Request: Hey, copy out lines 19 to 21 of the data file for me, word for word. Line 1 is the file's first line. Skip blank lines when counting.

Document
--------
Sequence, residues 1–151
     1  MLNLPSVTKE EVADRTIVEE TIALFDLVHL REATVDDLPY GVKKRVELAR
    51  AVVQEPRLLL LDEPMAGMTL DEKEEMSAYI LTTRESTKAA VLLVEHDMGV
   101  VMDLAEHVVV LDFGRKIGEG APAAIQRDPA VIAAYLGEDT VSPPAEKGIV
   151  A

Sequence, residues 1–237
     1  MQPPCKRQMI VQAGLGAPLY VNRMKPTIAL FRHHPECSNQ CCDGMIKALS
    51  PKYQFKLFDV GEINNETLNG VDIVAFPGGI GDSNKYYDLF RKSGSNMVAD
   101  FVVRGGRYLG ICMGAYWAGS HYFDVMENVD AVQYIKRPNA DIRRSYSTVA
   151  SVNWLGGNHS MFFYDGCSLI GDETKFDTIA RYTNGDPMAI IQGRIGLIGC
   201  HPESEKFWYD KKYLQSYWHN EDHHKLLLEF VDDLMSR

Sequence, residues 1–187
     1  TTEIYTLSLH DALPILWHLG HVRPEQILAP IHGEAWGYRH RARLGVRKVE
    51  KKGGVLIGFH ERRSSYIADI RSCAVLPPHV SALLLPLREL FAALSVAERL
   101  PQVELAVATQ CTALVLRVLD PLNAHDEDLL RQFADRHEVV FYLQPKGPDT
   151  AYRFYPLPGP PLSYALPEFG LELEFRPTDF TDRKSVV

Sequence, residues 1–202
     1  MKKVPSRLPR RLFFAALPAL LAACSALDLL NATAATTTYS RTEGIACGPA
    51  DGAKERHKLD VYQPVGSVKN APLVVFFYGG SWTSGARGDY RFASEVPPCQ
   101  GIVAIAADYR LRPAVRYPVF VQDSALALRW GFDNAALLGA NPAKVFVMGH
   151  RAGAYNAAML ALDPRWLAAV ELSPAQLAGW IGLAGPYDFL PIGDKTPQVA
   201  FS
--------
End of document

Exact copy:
    51  DGAKERHKLD VYQPVGSVKN APLVVFFYGG SWTSGARGDY RFASEVPPCQ
   101  GIVAIAADYR LRPAVRYPVF VQDSALALRW GFDNAALLGA NPAKVFVMGH
   151  RAGAYNAAML ALDPRWLAAV ELSPAQLAGW IGLAGPYDFL PIGDKTPQVA